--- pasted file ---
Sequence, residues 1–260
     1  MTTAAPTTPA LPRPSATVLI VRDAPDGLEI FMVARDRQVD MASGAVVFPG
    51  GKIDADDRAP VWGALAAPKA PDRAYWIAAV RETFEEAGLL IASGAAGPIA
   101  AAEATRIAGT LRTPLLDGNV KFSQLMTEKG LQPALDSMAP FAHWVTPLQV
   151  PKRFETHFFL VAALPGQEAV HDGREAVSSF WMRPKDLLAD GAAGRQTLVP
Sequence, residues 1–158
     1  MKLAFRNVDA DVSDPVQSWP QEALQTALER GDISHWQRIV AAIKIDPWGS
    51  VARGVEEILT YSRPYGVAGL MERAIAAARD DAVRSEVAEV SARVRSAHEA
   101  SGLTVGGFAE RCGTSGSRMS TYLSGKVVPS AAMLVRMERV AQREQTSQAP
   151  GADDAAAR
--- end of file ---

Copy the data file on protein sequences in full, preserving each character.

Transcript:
Sequence, residues 1–260
     1  MTTAAPTTPA LPRPSATVLI VRDAPDGLEI FMVARDRQVD MASGAVVFPG
    51  GKIDADDRAP VWGALAAPKA PDRAYWIAAV RETFEEAGLL IASGAAGPIA
   101  AAEATRIAGT LRTPLLDGNV KFSQLMTEKG LQPALDSMAP FAHWVTPLQV
   151  PKRFETHFFL VAALPGQEAV HDGREAVSSF WMRPKDLLAD GAAGRQTLVP
Sequence, residues 1–158
     1  MKLAFRNVDA DVSDPVQSWP QEALQTALER GDISHWQRIV AAIKIDPWGS
    51  VARGVEEILT YSRPYGVAGL MERAIAAARD DAVRSEVAEV SARVRSAHEA
   101  SGLTVGGFAE RCGTSGSRMS TYLSGKVVPS AAMLVRMERV AQREQTSQAP
   151  GADDAAAR